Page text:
Are they wary, weary or just not wowed?
Much as in New York, it is hard to shock Londoners, with their globe-in-your-face diversity, punks in pink and piercings on the Tube. It's safe to say that Londoners have acclimated to "shocking" appearances.
"Maybe you're just not going to the right places," someone critiqued helpfully. "I tried Harrods but the shoppers ignored Glass," I responded. "Only the employees wanted demos there." Following a friends advice, the next day I headed to Shoreditch, an area in East London blossoming with street art, cafes and fashion.
Walking in and out of pop up shops, I casually engaged with store owners and customers, who admired and complimented Glass but no reaction amounted to the same wow-factor experienced in Spain. Such a change from continental Europe...
"There's a rumor going around that there is a girl at the party with Glass. You must be her," someone told me at Silicon Christmas, a holiday tech party. Funny, I thought, because I was beginning to think no one gave a sh*t. There was never any shock, any awe. Were the people whispering the rumor conveying interest in Glass or just being wary? Another social event would clarify...
I'm hanging out in my former boss's friend's living room with four of her friends. As soon as they notice me wearing Glass, one person asks sharply, "Are you recording us?" "No," I said. But even so, Glass shattered the party's vibe, abruptly curving the conversation toward privacy. Glass intrudes here in London, but I still did not understand why.
Did you know that there are an estimated 5 million security cameras in Britain, one for every 11 people and 500K of them in inner London alone? (1) The British live with more surveillance per capita than any other people in the world. London is so saturated with cameras and roadblocks in its effort to thwart terrorist attacks that its security inner zone is called the "Ring of Steel," an approach imitated by Manhattan. (2)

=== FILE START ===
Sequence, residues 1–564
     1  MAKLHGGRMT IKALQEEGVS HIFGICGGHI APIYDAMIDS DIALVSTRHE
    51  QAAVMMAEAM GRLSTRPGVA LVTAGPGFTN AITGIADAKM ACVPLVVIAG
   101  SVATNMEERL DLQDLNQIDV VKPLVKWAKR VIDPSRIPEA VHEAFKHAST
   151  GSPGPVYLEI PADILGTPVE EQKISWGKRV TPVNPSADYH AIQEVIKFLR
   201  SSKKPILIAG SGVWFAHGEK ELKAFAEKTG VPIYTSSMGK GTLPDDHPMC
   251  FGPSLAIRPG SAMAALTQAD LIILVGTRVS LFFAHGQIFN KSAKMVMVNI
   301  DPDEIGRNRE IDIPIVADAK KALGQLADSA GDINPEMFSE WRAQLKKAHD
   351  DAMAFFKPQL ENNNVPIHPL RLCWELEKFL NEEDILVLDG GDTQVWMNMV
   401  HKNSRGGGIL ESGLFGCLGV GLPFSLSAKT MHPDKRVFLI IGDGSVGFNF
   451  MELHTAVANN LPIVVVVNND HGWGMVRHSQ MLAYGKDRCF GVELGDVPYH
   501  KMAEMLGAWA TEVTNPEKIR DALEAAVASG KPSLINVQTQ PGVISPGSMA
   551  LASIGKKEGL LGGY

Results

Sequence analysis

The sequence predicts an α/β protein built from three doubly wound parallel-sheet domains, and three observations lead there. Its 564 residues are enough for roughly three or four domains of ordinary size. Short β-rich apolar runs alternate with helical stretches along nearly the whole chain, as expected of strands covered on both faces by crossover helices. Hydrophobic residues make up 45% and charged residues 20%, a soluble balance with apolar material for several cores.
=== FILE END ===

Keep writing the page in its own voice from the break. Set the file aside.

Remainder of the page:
Cameras, cameras, cameras everywhere and capturing every movement. No wonder Londoners are weary and wary of yet another layer of surveillance! This time it's seemingly masterminded by the U.S. (and the National Security Agency in particular) but "democratized" by gaggles of Google Glass foot soldiers streaming data live from inside and outside "private" spaces. Vigilance? Vigilantes? "Where does a person today have any respite from Big Brother?" I can imagine the conscience thoughts of Londoners as glance away from Glass.
I wrote my undergraduate thesis on Big Data and Privacy, so I feel that I am sensitive to Londoners' distaste for Glass. This blog, however, is: Sophia Through Glass, and for good reason, it is not the reverse. I must say that until now, I've been looking through Glass at the world more than truly perceiving what others see about Glass. As I return the gaze to myself, I hear the voices here in London: "Is that recording?" "No, it's not," I say. But I'm still recording it all in my mind, and that's a key take-away from London.